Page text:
And now for the second installment in my chronicle of Brazilian gyms! I went from working out on an ancient, wheel-controlled treadmill to joining one of the schamciest gyms in the city within 24 hours. What a whirlwind. There were several steps in this process. To start with, I decided against re-joining my old gym, Reebok ("Hee-bocky," as the Brazilians say) because it's too far from my apartment and my office and I'd end up sitting in traffic for 20 minutes each way to get there. And since a 20 minute cab ride here costs about as much as a black market kidney in the US, I decided I needed to find a closer gym.

First, I tried Academia Fitness World. Its name led me to believe that it would be some sort of, like... world... filled with, I don't know... fitness. Or something. When I walked up to the building, I was shocked not to see anything representing a world of fitness. Instead, I saw a squat, orange building with a menacing looking metal gate. I had to be buzzed in, and the woman who let me in seemed confused by my presence. She gave me a look like, "Why are you in exercise clothes? What does this look like, a world of fitness?"

I was quickly introduced to a trainer (sigh), who, I was disappointed to note, did not have a mullet, but who did creepily hover next to my treadmill as I ran three miles or so. Then, the same trainer, Roberto, "trained" me on the gym's rickety old machines, explaining that the reason that I have shin and hip problems is because I "run too hard" and need to "run softer." EXACTLY, Roberto - this is why I invested in that company that builds anti-gravity shoes! They just need a few billion more dollars in R&D and they'll have this whole shin-splint thing solved.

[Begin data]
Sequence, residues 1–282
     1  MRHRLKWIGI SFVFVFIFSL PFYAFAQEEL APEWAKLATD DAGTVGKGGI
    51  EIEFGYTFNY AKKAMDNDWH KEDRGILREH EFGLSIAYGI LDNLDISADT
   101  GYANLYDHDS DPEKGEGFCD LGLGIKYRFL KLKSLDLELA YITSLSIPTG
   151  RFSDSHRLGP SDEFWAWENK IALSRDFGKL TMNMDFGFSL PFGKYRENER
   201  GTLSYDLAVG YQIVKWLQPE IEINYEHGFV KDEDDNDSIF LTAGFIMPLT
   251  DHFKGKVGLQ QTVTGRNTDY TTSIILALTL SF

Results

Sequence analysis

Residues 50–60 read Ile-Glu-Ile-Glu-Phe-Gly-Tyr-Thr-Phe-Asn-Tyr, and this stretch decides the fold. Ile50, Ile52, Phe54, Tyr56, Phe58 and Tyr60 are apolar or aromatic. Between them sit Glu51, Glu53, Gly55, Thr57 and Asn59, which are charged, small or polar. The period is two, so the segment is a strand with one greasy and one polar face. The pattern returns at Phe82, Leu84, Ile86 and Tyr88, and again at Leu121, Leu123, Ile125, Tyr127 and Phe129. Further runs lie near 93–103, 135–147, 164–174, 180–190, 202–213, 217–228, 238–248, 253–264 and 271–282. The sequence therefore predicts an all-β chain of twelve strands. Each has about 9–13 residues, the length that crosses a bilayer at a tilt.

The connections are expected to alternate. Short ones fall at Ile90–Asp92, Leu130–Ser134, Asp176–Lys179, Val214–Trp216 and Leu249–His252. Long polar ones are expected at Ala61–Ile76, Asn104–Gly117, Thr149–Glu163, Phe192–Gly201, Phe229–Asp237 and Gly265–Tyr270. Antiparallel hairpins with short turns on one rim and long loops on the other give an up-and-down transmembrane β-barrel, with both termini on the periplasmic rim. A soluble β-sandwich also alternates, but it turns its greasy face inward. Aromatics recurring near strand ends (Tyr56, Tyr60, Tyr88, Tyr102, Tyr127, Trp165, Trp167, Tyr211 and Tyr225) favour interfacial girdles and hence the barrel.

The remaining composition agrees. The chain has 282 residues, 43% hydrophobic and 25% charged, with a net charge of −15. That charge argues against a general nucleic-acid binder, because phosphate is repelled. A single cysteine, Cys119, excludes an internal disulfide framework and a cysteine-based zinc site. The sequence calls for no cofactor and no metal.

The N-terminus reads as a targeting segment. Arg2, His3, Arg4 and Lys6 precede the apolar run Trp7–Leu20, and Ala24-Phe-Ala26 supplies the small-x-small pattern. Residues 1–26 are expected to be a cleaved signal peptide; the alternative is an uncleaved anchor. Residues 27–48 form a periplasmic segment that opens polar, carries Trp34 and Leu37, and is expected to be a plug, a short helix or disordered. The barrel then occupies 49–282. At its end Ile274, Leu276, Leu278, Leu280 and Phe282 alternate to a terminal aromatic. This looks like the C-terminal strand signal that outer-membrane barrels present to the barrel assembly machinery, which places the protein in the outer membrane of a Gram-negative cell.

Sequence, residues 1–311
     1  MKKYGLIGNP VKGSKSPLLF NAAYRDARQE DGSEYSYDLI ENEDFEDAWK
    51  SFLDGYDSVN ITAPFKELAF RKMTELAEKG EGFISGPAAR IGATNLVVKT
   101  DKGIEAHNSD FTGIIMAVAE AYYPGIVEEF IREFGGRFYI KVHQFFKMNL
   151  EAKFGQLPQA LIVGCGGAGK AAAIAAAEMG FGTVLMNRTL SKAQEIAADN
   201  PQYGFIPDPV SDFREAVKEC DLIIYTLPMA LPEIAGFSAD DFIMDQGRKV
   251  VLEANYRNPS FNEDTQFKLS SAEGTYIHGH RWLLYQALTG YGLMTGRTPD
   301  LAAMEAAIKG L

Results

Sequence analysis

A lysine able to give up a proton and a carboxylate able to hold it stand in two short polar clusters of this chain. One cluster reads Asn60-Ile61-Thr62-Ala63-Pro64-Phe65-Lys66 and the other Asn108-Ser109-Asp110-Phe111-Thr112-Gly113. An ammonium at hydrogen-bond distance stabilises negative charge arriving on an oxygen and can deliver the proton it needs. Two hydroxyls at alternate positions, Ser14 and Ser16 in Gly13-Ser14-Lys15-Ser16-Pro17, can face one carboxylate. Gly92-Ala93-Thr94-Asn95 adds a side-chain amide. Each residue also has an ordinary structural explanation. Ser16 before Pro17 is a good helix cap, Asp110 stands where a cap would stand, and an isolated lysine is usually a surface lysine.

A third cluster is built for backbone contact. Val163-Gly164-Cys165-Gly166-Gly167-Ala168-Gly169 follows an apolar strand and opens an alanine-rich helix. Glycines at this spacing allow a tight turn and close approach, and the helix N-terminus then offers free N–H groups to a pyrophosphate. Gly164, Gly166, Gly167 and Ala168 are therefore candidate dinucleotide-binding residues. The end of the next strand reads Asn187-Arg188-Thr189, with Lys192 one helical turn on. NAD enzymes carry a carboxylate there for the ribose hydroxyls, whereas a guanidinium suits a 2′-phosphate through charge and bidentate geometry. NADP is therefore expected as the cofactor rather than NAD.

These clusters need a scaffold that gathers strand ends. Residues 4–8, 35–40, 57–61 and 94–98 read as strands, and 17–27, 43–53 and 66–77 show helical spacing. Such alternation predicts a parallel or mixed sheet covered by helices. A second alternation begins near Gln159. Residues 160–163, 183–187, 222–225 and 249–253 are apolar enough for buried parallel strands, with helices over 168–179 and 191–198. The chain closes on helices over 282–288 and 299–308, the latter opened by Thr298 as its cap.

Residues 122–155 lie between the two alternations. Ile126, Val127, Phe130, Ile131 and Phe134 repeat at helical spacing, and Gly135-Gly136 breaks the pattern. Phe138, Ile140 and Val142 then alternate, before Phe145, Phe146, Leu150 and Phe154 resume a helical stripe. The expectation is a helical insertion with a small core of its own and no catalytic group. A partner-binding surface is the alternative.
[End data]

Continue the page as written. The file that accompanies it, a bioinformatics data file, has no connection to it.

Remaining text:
Anyway, Fitness World was okay. A bit dingy, a bit small, a bit creepy, but it would do in a pinch. Then, someone told me to check out the Pele Club, which is, unsurprisingly, owned by the soccer icon Pele. The Pele Club turned out to be mind-blowingly expensive -- more than twice as much per month as my SUPER fancy gym back in D.C. -- but it has individual TVs on the treadmills, and I'm sort of a sucker for that. I mean, come on, how can I say no to watching all my favorite American shows on the "Warner Channel"* while I exercise? The Warner Channel plays such popular series as Two And a Half Men, According to Jim, The New Adventures of Old Christine, Supernatural, and Smallville**. You know, all this year's runaway successes of American television!

Anyway, when it came down to it, I was sold on the treadmill-TVs and the fact that after paying several hundred dollars to become a member of the Pele Club, I'd receive a tiny soccer ball. Seriously. That was their membership promotion: a tiny soccer ball. Whatever. I joined. Don't judge me. The way I justify it to myself is the following: 1) I pay more per month at my gym in DC since I have been seeing an outrageously expensive (but very good) personal trainer once a week anyway, and 2) this way I get "trained" every single day by Brazilians, who know all about fitness, and can probably teach me Brazilian stuff, like caipoeira and soft running.